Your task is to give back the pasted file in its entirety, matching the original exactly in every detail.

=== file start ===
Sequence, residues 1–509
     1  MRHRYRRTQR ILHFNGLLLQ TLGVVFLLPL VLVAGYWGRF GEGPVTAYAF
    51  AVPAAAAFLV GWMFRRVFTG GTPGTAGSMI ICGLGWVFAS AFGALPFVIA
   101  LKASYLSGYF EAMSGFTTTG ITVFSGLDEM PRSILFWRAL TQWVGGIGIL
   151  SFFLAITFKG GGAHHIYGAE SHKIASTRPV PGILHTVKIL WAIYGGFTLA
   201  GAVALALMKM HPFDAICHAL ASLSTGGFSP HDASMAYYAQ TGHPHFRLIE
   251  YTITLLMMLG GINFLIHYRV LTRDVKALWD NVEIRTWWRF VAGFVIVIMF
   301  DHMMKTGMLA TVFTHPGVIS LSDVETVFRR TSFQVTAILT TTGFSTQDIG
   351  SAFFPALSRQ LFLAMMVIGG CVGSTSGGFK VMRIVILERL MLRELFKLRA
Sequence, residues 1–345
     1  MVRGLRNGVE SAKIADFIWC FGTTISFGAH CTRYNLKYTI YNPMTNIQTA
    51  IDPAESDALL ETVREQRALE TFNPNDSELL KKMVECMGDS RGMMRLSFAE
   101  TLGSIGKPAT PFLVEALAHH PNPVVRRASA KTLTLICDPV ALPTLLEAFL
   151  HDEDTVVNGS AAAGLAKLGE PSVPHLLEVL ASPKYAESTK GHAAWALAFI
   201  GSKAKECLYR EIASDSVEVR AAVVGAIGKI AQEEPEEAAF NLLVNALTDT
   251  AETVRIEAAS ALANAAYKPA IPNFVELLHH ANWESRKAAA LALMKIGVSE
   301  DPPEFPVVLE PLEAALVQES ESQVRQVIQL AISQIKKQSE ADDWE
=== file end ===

Sequence, residues 1–509
     1  MRHRYRRTQR ILHFNGLLLQ TLGVVFLLPL VLVAGYWGRF GEGPVTAYAF
    51  AVPAAAAFLV GWMFRRVFTG GTPGTAGSMI ICGLGWVFAS AFGALPFVIA
   101  LKASYLSGYF EAMSGFTTTG ITVFSGLDEM PRSILFWRAL TQWVGGIGIL
   151  SFFLAITFKG GGAHHIYGAE SHKIASTRPV PGILHTVKIL WAIYGGFTLA
   201  GAVALALMKM HPFDAICHAL ASLSTGGFSP HDASMAYYAQ TGHPHFRLIE
   251  YTITLLMMLG GINFLIHYRV LTRDVKALWD NVEIRTWWRF VAGFVIVIMF
   301  DHMMKTGMLA TVFTHPGVIS LSDVETVFRR TSFQVTAILT TTGFSTQDIG
   351  SAFFPALSRQ LFLAMMVIGG CVGSTSGGFK VMRIVILERL MLRELFKLRA
Sequence, residues 1–345
     1  MVRGLRNGVE SAKIADFIWC FGTTISFGAH CTRYNLKYTI YNPMTNIQTA
    51  IDPAESDALL ETVREQRALE TFNPNDSELL KKMVECMGDS RGMMRLSFAE
   101  TLGSIGKPAT PFLVEALAHH PNPVVRRASA KTLTLICDPV ALPTLLEAFL
   151  HDEDTVVNGS AAAGLAKLGE PSVPHLLEVL ASPKYAESTK GHAAWALAFI
   201  GSKAKECLYR EIASDSVEVR AAVVGAIGKI AQEEPEEAAF NLLVNALTDT
   251  AETVRIEAAS ALANAAYKPA IPNFVELLHH ANWESRKAAA LALMKIGVSE
   301  DPPEFPVVLE PLEAALVQES ESQVRQVIQL AISQIKKQSE ADDWE